Writing a Book About My Experiences with Mental Illness

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I first wrote about my experiences with mental illness in late 2006 when I wrote a letter to the editor of my local newspaper about my experiences as a way to promote mental illness awareness when one of our local state legislators was putting on a forum about such topics.  To my pleasant surprise, the article/letter I wrote went over well.

From that experience I decided to write a series of short topical essays about what the aspects of living with mental illness were like.  I wrote about such topics as struggling through college, struggling in the workplace, filing for disability insurance, how to cope with loneliness, how to deal with losing friends, what to tell family members, employers, friends, and other topics.  Many good books have been written about mental illness by doctors, therapists, and psychiatrists, yet not many from the mentally ill person’s point of view.  That is where I came in.

A couple of years ago, I put all of these essays into book form in a book available through lulu.com titled The Mental Illness Essays.  The essays written in this book led me to write my blog.  I have put a link to the site where my book is available in this post.  You can also get there by clicking on the picture of the book at the top of this post.  Check it out and leave some feedback.

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Author: alifeofmentalillness

I write about my experiences with mental illness and life in general. I am also currently under going 'lifestyle changes' (I hate the term 'dieting' as it's sounds so temporary) and have lost 70 pounds since spring 2014. I've put my poetry and novel writing on lower priority since I started losing weight and blogging more seriously.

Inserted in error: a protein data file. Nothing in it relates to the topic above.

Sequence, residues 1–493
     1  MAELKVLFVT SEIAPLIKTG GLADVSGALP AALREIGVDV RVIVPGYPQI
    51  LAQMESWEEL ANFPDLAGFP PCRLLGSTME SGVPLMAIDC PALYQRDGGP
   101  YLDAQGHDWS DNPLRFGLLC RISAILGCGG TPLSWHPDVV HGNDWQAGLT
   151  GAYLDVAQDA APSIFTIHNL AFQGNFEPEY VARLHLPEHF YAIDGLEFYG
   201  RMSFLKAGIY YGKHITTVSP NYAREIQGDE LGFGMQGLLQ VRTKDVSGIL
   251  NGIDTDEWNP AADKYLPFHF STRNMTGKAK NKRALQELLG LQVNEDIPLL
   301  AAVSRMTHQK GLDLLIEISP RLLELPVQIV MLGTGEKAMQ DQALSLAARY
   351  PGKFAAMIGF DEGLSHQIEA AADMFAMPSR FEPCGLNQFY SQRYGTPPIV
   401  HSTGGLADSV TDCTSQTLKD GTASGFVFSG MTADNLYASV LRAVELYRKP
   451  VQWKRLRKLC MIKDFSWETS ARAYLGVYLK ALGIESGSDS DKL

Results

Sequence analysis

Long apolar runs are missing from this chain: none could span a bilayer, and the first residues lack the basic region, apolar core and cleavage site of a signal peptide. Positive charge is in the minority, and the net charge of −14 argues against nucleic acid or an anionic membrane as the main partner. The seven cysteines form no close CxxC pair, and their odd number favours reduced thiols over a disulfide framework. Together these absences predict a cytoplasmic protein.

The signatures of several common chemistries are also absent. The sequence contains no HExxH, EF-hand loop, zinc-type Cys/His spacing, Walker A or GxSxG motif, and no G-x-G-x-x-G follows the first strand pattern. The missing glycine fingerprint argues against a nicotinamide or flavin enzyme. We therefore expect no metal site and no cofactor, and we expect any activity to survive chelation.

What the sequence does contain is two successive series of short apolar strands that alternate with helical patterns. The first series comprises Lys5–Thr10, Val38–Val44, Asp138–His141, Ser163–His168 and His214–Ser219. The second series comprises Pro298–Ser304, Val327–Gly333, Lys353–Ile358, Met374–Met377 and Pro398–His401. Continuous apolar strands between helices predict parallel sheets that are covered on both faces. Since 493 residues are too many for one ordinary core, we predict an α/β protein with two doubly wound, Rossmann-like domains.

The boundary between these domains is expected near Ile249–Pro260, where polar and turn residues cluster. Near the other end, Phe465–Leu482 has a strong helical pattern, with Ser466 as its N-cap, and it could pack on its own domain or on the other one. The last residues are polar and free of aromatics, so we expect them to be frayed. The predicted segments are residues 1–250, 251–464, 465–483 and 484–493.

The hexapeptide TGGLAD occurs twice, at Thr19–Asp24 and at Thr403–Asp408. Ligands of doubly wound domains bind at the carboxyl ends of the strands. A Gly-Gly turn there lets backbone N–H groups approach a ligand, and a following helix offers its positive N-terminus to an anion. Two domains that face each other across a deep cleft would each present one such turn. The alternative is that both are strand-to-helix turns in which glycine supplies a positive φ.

5 thoughts on “Writing a Book About My Experiences with Mental Illness”

  1. I’ve read half of your book as of this writing. After reading about a few of the visual hallucinations you have experienced, I am so grateful my hallucinations are only auditory (they do commentary on most activities I do, like the play by play commentary that goes on during ballgames). It is sad, real sad, you’ve had such problems with your family. My only true ‘problem’ (if it can be called that) with my family is they expect a lot of good things out of me (But having a supportive family who knows I’m capable of good things in spite my illness is better than having a family that doesn’t care). I can’t tell you how to feel about anything. The fact you’re still standing in light of everything you’ve experienced with hallucinations and family strife is amazing. I’m sad for what you have been through. No one deserves those experiences. When I finish reading the last half, I’ll let you know.

    Zach

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